“Sure, but it’s full of ogres who eat innocent princesses like you,” said Candelaria with a sarcastic smile, fully aware that her irony was lost on these three. She loved them anyway.

Everyone but Rosa Lupe put on a regulation blue smock, and they all took their places opposite the skeletons of television sets, each ready to do her job in order—Candelaria the chassis, Dinorah the soldering, Marina the newcomer learning to repair weldings—and Rosa Lupe checked for defects like loose wires, cracked washers and, as she worked, Rosa Lupe spoke to Candelaria. Listen, don’t you think it’s about time to stop treating us like jerks? And don’t go into your Saint Candelaria act, okay? You’re always preaching to us, always treating us like shit. Candelaria opened her eyes wide. Me? Dinorah, listen, you tell me if there’s anyone more screwed than I am: I came here alone from the village, I brought my kids, then my brothers and sisters, then my dad. How’s that for a load to carry? Think I make enough?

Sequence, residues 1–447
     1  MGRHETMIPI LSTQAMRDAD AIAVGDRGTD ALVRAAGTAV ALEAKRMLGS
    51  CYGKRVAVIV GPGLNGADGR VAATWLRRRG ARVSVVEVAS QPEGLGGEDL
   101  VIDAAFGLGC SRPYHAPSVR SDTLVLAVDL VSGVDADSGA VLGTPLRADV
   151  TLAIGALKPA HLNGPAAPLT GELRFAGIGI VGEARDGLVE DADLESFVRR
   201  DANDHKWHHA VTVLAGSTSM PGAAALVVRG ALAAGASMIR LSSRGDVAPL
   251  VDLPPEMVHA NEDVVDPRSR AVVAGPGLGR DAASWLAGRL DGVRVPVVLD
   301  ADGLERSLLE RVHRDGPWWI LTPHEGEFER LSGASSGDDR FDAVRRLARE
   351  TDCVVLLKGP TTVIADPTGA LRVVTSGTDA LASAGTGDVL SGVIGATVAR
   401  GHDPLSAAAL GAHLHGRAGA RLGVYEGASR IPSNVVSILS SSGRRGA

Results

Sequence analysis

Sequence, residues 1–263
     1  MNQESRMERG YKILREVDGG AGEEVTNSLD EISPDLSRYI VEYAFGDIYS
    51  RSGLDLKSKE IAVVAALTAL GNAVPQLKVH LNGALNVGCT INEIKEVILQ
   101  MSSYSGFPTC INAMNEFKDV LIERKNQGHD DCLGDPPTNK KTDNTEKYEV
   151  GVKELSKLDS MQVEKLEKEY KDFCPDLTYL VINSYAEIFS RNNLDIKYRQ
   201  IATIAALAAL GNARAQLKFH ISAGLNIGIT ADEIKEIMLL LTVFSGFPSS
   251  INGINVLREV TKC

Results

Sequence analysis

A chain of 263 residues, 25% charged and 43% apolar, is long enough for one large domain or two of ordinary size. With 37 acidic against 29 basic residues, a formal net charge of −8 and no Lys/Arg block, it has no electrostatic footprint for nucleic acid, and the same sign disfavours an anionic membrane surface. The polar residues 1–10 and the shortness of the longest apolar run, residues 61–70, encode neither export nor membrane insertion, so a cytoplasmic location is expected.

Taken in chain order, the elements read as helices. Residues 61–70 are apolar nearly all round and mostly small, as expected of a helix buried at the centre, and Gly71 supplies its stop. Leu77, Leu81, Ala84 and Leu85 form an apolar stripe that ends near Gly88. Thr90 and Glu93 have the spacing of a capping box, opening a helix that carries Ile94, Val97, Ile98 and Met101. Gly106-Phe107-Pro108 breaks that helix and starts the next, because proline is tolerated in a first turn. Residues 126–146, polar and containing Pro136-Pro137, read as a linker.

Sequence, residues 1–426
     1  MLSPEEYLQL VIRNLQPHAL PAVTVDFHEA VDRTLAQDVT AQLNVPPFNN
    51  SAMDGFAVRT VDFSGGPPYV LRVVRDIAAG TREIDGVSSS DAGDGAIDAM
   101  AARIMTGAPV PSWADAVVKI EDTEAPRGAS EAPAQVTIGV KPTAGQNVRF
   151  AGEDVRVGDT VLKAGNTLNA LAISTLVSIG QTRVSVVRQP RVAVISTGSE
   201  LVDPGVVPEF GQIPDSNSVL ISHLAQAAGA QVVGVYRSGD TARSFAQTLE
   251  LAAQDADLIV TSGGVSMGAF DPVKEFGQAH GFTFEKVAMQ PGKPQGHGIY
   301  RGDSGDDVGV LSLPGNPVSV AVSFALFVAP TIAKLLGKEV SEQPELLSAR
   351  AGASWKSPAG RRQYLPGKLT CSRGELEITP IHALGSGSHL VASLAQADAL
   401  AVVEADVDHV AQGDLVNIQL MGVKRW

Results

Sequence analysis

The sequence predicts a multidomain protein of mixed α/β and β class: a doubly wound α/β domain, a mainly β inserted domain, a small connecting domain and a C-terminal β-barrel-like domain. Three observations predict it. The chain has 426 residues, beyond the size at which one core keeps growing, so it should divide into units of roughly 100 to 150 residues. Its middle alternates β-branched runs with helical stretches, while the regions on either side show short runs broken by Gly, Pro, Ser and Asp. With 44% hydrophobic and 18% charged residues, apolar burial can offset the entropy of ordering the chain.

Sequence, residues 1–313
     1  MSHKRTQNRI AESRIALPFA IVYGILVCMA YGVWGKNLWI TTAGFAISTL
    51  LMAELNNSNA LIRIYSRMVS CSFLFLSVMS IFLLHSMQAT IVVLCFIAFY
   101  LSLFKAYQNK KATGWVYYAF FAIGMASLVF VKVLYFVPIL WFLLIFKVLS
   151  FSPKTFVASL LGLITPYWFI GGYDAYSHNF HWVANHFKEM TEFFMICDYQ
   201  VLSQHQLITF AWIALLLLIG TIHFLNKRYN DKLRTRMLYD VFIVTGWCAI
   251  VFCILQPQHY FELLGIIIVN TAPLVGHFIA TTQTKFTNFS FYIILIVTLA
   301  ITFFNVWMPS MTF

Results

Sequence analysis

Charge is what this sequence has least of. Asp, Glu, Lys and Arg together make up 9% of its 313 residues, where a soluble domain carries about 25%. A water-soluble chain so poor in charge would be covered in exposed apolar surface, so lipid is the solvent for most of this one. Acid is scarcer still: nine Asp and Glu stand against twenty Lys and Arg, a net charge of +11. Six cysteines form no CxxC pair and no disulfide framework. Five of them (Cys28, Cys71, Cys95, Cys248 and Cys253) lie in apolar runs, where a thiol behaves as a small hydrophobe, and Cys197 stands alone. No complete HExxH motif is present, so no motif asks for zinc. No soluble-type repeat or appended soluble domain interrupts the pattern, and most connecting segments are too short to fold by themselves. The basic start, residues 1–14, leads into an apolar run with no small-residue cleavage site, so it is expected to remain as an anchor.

“Your union boss doesn’t chip in, Candelaria?”

The square woman gave Dinorah an electric shock, a trick she knew how to do. Dinorah squealed and called the fat woman a bastard, but Candelaria just laughed and said that every one of them had a whole soap opera to tell, so maybe they should just try to get along with each other, okay? To spend their time together and not die of boredom, okay?

“Why’d you bring your dad?”

“For the memories,” said Candelaria.

“Old people get in the way,” said Dinorah softly.